Washington Post Editorial Board
“When schools get it right, whether they’re traditional public schools or public charter schools, let’s figure out what’s working and share it with schools across America.” Hillary Clinton was booed at the National Education Association’s summer convention for that self-evidently sensible proposition. The reaction speaks volumes about labor’s uniformed and self-interested opposition to charter schools and contempt for what’s best for children. Now the union has been joined by a couple of organizations that purport to be champions of opportunity.
In separate conventions over recent weeks, the NAACP, the nation’s oldest black civil rights organization, and the Movement for Black Lives, a network of Black Lives Matter organizers, passed resolutions criticizing charter schools and calling for a moratorium on their growth. Charters were faulted by the groups for supposedly draining money from traditional public schools and allegedly fueling segregation. The NAACP measure, which still must be ratified by the board before becoming official, went so far as to liken the expansion of charters to “predatory lending practices” that put low-income communities at risk.
No doubt that will come as a surprise to the millions of parents who have seen their children well-served by charters and to the additional million more who are on charter school waiting lists for their sons and daughters. “You’ve got thousands and thousands of poor black parents whose children are so much better off because these schools exist,” Howard Fuller of the Black Alliance for Educational Options told the New York Times.
Since the first charter school opened nearly 25 years ago in Minnesota, support for the non-traditional schools has grown with nearly 3 million students in more than 6,700 charters in 42 states and the District of Columbia. Demand is high with parents of school-age children – particularly those who have low incomes – overwhelmingly saying they favor the opening of more charter schools. Little wonder, considering that the alternative is often failing traditional schools and that high-quality charters have proven to be successful in lifting student achievement. A recent study by the Center for Research on Education Outcomes at Stanford University looked at 41 regions and found that “urban charter schools on average achieve significantly greater student success in both math and reading, which amounts to 40 additional days of learning growth in math and 28 days of additional growth in reading,” compared to traditional public schools. About 60 percent of charters are located in cities, serving high-risk students. The thought of denying school choice to these families – something that middle- and upper-class parents blithely take for granted – is simply maddening.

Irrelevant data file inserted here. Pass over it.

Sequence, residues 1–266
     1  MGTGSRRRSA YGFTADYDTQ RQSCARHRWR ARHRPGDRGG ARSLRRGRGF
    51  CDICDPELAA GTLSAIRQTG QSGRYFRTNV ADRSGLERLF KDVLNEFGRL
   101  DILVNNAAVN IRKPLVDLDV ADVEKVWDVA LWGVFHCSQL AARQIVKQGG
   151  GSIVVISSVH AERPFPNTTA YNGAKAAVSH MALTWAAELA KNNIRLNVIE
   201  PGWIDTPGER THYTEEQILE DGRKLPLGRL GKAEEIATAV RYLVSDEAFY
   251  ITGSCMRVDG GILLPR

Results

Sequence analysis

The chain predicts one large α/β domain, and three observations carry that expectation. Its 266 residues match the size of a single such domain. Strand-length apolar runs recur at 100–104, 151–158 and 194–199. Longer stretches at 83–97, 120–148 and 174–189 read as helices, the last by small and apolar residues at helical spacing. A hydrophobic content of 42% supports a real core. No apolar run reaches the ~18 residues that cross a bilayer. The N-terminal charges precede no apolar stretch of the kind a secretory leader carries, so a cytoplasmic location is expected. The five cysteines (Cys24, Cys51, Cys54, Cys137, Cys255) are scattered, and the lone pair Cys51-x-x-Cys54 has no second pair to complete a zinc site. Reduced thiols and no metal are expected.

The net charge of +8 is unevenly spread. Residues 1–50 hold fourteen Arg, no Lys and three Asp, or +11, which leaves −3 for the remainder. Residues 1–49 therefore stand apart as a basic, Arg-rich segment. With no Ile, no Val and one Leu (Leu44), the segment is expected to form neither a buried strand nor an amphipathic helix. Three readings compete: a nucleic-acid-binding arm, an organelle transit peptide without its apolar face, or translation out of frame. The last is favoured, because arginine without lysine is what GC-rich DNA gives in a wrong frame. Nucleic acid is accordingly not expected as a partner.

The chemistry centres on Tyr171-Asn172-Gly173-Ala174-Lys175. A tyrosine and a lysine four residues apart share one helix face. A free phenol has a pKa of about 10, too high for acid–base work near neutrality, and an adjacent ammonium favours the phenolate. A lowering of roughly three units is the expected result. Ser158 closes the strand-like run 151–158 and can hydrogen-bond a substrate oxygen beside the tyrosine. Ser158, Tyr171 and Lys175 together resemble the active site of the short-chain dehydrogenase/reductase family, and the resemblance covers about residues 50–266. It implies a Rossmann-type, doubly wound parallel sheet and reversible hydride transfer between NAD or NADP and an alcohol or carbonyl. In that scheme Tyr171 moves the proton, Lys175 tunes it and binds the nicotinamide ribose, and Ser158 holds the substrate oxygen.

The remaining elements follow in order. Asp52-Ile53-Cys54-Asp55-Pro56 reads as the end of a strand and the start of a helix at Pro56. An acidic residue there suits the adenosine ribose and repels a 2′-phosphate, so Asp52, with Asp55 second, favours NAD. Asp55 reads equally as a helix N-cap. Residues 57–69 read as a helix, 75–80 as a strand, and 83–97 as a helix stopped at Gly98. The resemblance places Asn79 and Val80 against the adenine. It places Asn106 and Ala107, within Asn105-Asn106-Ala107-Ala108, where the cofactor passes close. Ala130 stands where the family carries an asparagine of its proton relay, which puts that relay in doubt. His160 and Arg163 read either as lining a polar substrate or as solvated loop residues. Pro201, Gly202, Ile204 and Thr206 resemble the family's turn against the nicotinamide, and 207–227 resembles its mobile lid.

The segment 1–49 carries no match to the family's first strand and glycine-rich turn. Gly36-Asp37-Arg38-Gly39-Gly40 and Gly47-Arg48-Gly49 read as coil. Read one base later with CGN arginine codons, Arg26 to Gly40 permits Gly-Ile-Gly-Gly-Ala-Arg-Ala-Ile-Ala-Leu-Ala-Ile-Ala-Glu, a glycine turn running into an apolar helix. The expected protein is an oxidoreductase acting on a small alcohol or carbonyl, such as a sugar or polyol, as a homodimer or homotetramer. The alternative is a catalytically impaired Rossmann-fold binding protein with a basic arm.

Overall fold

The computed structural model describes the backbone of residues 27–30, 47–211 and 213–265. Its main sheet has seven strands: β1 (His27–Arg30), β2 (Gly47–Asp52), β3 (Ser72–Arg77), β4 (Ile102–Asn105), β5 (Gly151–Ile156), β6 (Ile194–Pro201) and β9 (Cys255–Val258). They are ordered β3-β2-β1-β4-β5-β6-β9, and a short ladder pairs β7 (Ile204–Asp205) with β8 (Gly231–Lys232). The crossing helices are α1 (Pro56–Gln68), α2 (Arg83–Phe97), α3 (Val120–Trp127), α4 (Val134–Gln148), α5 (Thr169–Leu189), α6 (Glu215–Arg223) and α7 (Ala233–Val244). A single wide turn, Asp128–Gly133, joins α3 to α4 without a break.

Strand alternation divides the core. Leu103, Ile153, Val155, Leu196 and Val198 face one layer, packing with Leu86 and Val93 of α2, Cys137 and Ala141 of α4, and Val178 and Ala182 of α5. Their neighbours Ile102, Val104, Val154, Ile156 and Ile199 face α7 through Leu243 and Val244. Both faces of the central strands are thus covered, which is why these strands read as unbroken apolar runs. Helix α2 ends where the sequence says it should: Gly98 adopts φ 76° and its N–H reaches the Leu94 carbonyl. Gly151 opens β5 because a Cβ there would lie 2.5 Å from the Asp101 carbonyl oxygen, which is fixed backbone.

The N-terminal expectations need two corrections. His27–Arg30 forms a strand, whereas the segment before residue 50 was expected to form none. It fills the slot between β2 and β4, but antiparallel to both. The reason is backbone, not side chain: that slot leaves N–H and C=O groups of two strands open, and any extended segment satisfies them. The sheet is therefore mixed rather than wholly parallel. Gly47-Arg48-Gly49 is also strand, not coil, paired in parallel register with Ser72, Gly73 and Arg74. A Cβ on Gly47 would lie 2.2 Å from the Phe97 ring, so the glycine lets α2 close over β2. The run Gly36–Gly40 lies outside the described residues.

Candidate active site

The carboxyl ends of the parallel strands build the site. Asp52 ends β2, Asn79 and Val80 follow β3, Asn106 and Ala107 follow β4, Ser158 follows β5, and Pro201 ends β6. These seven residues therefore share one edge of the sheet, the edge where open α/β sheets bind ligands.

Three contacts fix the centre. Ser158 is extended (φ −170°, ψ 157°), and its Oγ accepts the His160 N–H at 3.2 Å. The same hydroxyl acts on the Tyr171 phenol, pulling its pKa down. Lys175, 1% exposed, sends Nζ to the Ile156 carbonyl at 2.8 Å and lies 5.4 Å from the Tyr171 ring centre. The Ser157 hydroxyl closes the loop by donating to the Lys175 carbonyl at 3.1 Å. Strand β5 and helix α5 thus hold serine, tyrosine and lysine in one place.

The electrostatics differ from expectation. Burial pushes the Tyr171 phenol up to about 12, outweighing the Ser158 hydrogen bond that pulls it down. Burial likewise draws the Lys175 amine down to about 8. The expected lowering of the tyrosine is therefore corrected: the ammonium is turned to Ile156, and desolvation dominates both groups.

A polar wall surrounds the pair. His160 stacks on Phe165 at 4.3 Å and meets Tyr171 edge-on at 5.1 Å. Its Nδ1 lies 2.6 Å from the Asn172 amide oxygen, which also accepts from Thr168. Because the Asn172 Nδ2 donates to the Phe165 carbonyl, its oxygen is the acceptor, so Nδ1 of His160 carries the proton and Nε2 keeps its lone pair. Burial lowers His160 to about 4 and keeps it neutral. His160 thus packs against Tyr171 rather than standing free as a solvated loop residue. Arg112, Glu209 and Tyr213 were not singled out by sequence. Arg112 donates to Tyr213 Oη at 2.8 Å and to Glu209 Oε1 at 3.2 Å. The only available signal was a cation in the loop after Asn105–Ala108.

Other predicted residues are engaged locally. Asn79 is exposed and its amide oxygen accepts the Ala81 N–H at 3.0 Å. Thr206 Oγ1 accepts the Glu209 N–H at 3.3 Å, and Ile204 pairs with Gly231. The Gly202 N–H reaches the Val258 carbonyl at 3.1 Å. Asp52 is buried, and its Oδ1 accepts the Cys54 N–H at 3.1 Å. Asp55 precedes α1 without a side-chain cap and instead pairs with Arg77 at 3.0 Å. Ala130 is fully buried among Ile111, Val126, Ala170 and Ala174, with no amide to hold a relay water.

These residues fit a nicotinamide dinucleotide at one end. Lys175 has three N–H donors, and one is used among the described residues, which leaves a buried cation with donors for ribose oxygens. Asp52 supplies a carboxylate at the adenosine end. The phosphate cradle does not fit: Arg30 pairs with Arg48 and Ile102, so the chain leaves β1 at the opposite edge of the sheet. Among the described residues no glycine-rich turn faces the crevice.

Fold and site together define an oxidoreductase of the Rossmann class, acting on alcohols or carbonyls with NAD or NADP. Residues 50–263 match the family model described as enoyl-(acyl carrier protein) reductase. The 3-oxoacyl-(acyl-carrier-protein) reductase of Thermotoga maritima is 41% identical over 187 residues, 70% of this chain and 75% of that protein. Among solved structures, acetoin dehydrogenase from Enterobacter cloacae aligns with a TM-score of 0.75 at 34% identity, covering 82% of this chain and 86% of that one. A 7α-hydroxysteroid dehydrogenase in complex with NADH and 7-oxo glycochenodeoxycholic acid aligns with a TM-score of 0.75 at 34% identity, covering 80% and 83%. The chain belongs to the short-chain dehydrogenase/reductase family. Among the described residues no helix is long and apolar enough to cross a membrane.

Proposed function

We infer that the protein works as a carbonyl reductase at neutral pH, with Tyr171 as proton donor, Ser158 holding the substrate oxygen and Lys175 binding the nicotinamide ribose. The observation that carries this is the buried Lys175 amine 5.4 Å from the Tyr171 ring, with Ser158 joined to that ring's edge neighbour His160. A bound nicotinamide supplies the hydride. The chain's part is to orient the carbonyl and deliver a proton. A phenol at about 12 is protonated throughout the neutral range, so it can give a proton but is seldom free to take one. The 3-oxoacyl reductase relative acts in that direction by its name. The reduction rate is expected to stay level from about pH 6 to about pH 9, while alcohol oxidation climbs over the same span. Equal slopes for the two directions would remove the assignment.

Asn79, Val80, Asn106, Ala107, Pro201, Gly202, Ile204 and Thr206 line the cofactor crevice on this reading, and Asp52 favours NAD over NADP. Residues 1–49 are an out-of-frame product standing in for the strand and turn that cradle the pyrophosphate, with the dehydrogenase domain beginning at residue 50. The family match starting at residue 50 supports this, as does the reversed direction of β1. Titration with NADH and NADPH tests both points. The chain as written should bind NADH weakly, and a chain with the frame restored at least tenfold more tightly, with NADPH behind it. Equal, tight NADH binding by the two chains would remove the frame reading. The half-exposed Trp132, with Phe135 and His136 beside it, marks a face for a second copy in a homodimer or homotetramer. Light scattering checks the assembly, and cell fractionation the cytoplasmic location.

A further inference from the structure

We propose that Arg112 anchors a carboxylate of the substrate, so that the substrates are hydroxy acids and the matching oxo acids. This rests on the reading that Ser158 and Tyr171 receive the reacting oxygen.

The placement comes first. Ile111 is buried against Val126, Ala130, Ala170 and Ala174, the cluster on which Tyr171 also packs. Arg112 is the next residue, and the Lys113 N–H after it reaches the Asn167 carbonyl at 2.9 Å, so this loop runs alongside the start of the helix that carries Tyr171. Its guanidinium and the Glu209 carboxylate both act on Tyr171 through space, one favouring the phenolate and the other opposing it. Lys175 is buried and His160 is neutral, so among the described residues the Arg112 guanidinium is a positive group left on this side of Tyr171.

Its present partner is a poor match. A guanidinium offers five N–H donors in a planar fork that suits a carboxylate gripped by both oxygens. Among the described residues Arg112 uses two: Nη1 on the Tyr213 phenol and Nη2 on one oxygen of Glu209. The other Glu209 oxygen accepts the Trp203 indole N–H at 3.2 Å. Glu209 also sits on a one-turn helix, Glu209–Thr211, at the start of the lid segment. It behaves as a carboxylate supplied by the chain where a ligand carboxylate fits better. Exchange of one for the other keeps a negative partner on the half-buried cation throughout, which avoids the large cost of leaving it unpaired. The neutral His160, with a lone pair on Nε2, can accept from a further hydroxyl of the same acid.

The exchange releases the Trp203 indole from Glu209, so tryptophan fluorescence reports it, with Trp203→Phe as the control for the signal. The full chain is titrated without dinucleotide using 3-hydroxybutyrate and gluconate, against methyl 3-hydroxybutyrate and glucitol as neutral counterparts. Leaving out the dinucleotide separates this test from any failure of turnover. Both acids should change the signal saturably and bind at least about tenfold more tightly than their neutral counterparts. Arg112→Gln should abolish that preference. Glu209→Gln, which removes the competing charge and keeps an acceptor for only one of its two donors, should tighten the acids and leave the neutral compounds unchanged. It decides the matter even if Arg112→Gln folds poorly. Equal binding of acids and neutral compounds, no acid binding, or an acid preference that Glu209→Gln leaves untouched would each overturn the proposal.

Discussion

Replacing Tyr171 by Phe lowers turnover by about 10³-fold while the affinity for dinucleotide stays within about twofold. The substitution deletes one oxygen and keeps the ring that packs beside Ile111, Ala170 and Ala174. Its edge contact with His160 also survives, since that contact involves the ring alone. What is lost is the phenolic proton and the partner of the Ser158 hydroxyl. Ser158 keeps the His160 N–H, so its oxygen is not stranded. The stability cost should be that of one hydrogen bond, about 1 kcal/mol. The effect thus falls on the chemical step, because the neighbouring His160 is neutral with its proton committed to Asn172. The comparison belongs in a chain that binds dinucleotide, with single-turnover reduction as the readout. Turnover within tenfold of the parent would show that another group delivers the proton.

To be sure, there are charter schools with problems, as was demonstrated by comedian John Oliver’s recent skewering of several outrageous cases. But rather than impose artificial limits, the response should be to fix such problems as lax authorization standards or unfair discipline practices while replicating the successes. Schools that fail to educate students – be they charter or traditional – should be shuttered. We urge NAACP leadership to put the interests of African-American children ahead of the interests of political allies who help finance the group’s activities – and veto this ill-conceived resolution.
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